Posted by: RAM | July 10, 2016

Monday (July 11): “Whoever loses his life for my sake will find it.”

Mabuhay at Mabuting Balita!
Month of the Most Precious Blood

Memorial of Saint Benedict, Abbot
Lectionary: 389

First Reading: Isaiah 1:10-17
Psalms 50:8-9, 16-17, 21, 23To the upright I will show the saving power of God.
Gospel: Matthew 10:34–11:1
Jesus said to his Apostles:
“Do not think that I have come to bring peace upon the earth.
I have come to bring not peace but the sword.
For I have come to set
a man against his father,
a daughter against her mother,
and a daughter-in-law against her mother-in-law;
and one’s enemies will be those of his household.

“Whoever loves father or mother more than me is not worthy of me,
and whoever loves son or daughter more than me is not worthy of me;
and whoever does not take up his cross
and follow after me is not worthy of me.
Whoever finds his life will lose it,
and whoever loses his life for my sake will find it.

“Whoever receives you receives me,
and whoever receives me receives the one who sent me.
Whoever receives a prophet because he is a prophet
will receive a prophet’s reward,
and whoever receives a righteous man
because he is righteous
will receive a righteous man’s reward.
And whoever gives only a cup of cold water
to one of these little ones to drink
because he is a disciple–
amen, I say to you, he will surely not lose his reward.”

When Jesus finished giving these commands to his Twelve disciples,
he went away from that place to teach and to preach in their towns.
http://www.usccb.org/bible/readings/071116.cfm

Reflection: Why does Jesus describe his mission and the coming of God’s kingdom in terms of conflict, division, and war? Jesus told his disciples that he did not “come to bring peace, but a sword” (Matthew 10:34). The “sword” which Jesus speaks of here is not a physical weapon that cuts people down, but a spiritual weapon that cuts through the inner core of our being to expose the corruption of sinful thoughts and intentions as well as the lies and deception of Satan and his kingdom of darkness.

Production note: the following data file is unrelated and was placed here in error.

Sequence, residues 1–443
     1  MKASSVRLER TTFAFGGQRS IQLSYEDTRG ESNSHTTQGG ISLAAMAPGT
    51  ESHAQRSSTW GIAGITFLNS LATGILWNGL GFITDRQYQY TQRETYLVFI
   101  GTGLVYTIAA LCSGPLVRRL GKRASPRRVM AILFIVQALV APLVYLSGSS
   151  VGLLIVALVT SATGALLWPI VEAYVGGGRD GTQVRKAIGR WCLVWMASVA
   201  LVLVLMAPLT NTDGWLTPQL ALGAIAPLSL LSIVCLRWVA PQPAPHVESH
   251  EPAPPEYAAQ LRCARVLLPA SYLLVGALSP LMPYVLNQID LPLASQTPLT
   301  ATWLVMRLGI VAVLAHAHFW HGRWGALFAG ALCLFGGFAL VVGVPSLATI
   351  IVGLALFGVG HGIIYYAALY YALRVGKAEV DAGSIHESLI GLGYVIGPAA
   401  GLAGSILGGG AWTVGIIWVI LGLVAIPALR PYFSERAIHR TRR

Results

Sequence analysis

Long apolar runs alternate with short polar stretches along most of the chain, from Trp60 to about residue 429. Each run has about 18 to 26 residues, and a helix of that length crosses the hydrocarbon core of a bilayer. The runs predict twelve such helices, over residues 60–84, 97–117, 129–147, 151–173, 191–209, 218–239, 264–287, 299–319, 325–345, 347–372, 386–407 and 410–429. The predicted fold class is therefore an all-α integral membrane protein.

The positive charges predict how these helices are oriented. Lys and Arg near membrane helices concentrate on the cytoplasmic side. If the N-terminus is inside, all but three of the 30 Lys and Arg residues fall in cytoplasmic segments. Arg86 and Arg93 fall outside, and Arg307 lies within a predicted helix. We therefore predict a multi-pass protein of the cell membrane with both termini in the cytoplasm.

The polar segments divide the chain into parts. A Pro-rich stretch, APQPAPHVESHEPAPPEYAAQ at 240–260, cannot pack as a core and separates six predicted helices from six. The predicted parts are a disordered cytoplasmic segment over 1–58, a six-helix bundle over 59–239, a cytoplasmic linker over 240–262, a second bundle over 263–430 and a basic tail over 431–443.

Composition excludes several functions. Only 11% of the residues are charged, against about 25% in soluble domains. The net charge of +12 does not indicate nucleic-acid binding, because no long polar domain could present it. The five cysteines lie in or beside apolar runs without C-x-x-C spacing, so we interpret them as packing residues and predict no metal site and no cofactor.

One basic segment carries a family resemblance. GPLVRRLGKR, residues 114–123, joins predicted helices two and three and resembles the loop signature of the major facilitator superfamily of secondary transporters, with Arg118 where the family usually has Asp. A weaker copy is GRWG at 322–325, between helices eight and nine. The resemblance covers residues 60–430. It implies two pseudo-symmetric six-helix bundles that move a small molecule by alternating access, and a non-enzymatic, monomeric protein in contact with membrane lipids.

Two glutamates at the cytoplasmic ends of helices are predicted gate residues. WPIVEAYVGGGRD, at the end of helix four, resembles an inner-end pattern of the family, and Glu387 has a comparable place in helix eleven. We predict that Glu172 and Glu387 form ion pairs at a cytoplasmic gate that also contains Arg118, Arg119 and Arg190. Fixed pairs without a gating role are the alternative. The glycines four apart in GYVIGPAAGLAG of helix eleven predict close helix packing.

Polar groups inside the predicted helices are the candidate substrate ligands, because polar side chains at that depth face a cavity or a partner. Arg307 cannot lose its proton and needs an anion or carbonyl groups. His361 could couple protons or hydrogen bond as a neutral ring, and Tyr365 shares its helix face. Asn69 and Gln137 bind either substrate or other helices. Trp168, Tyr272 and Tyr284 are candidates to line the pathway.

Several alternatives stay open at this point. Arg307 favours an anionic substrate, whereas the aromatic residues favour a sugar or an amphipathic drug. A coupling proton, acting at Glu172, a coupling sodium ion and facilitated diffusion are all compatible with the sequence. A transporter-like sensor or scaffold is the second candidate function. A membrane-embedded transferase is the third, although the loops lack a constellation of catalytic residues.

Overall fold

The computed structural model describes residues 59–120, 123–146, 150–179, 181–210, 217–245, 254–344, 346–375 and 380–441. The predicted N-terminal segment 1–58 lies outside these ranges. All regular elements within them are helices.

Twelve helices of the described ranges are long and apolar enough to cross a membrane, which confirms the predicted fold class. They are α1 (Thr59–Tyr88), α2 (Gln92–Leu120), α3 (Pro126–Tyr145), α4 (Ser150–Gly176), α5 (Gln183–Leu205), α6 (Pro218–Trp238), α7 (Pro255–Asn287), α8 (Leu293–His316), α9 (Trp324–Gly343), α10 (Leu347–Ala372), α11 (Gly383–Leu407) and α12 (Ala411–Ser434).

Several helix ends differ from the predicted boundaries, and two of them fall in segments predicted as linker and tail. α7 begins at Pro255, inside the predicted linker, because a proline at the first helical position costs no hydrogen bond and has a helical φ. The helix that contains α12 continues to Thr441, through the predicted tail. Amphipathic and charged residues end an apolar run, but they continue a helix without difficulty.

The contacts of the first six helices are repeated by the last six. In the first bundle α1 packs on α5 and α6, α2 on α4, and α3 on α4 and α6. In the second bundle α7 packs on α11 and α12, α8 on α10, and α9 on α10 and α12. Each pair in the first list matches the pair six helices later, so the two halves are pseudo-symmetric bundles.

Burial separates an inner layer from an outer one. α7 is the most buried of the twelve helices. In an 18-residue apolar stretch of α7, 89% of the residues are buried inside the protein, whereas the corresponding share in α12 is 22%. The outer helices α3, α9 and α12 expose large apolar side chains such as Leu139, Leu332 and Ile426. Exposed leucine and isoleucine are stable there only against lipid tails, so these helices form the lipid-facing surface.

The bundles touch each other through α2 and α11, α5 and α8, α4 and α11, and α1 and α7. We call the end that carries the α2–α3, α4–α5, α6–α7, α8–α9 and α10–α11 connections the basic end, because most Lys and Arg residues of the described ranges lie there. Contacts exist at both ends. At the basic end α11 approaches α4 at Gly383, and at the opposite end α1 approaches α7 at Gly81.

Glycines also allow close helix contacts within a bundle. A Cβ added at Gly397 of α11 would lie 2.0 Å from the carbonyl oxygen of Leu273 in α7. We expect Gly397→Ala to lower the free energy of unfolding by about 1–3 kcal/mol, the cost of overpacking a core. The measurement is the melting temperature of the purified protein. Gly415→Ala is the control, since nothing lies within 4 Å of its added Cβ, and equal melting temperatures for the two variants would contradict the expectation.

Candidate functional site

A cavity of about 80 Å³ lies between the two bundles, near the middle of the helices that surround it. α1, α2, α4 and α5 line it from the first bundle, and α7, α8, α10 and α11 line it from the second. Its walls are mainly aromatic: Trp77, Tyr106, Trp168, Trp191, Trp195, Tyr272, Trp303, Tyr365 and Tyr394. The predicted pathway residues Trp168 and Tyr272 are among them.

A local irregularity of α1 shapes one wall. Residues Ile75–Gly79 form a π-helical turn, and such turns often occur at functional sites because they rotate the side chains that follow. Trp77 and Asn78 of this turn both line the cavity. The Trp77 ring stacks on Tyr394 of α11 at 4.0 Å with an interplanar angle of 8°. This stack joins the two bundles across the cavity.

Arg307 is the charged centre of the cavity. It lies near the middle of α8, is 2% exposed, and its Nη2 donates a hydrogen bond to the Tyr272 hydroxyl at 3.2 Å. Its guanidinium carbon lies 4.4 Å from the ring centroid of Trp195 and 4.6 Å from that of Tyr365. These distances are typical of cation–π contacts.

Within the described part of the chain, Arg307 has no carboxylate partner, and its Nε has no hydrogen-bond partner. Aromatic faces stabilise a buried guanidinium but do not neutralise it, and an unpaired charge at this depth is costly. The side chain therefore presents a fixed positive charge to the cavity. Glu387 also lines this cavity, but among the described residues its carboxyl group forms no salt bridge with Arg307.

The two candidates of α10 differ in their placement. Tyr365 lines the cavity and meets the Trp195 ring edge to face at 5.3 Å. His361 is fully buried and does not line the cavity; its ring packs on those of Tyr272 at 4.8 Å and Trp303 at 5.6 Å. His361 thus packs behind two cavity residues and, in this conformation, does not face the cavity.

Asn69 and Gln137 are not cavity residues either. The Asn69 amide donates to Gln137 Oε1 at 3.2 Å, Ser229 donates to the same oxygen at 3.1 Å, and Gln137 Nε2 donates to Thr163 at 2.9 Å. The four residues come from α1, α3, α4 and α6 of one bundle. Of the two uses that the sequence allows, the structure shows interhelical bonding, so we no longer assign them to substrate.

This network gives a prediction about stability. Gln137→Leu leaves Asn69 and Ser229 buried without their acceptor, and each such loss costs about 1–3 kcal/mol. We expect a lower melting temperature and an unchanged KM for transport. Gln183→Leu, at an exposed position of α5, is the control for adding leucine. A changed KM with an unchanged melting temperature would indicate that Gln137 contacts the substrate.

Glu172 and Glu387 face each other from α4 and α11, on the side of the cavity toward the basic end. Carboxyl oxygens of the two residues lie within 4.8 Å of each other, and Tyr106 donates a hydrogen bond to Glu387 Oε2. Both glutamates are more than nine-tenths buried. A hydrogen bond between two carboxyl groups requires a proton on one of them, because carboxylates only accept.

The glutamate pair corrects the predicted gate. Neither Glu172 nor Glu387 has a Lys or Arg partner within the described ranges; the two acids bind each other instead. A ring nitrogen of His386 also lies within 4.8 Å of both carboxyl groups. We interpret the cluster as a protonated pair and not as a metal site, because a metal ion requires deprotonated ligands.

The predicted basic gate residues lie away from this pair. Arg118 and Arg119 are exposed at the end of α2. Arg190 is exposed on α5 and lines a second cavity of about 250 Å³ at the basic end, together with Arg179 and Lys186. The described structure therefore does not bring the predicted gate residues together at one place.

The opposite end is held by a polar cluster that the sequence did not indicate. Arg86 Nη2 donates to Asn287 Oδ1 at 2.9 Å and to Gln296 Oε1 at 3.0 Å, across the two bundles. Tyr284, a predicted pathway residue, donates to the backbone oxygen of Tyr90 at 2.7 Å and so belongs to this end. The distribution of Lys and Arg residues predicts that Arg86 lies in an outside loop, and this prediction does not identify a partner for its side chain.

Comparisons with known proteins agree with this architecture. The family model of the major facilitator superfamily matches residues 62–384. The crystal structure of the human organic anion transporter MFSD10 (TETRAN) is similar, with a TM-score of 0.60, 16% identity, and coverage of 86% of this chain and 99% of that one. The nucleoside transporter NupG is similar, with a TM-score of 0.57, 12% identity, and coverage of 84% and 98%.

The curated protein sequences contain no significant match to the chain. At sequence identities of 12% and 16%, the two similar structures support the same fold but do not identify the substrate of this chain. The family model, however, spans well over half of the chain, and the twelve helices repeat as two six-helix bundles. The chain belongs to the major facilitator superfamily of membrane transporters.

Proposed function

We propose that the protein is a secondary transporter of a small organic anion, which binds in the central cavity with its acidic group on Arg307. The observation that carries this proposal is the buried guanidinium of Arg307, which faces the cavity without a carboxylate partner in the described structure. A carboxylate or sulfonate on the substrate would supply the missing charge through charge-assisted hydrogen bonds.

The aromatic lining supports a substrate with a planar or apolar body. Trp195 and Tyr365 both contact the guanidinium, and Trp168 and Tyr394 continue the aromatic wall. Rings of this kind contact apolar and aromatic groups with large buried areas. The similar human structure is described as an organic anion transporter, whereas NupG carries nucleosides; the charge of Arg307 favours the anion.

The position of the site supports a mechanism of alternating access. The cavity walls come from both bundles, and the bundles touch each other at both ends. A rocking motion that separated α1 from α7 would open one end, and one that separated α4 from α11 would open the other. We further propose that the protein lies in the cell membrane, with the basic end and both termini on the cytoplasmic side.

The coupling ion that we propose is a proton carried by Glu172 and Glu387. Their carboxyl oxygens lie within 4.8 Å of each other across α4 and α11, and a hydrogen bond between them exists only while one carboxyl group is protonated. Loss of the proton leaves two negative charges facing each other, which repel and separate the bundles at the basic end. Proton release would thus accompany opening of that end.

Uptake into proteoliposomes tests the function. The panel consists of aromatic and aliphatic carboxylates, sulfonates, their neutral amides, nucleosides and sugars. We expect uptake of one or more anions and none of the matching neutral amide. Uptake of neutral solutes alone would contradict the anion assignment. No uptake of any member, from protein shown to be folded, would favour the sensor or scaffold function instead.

Sword of the Spirit
Scripture speaks of God’s word as a sharp two-edged sword that “pierces to the division of soul and spirit… discerning the thoughts and intentions of the heart” (Hebrews 4:12, Revelations 19:15). Scripture also describes “God’s word” as the “sword of the Spirit” which has power to destroy every spiritual stronghold that keep people in bondage to sin, deception, and Satan (Ephesians 6:17). Jesus came to rescue us and bring us freedom to live as citizens of God’s kingdom of righteousness, peace, and joy in the Holy Spirit (Romans 14:17).

Spiritual warfare
Jesus’ mission was an act of war against the spiritual forces who oppose the kingdom of God and his rule over the earth and the heavens. That is why Jesus identified Satan as the ruler of this world whom he will cast out (John 12:31). The battle Jesus had in mind was not an earthly conflict between individuals and nations, but a spiritual warfare between the forces of Satan and the armies of heaven. Jesus came to wage war against the spiritual powers of this present world that turn the minds and hearts of people away from God and his kingdom of peace and truth.

Kingdom of light versus kingdom of darkness
The Scriptures make clear that there are ultimately only two kingdoms or powers and that they stand in opposition to one another – God’s kingdom of light and  Satan’s kingdom of darkness. John the Apostle contrasts these two opposing kingdoms in the starkest of terms: We know that we are of God, and the whole world is in the power of the evil one (1 John 5:19). The Scriptures describe the “world” as that society of people who are opposed to God and his kingdom of righteousness, truth, and goodness. Jesus came to overthrow Satan’s power and to set us free from everything that would hold us back from knowing, loving, and serving God who has loved each one of us with boundless mercy, compassion, and goodness.

God must take first place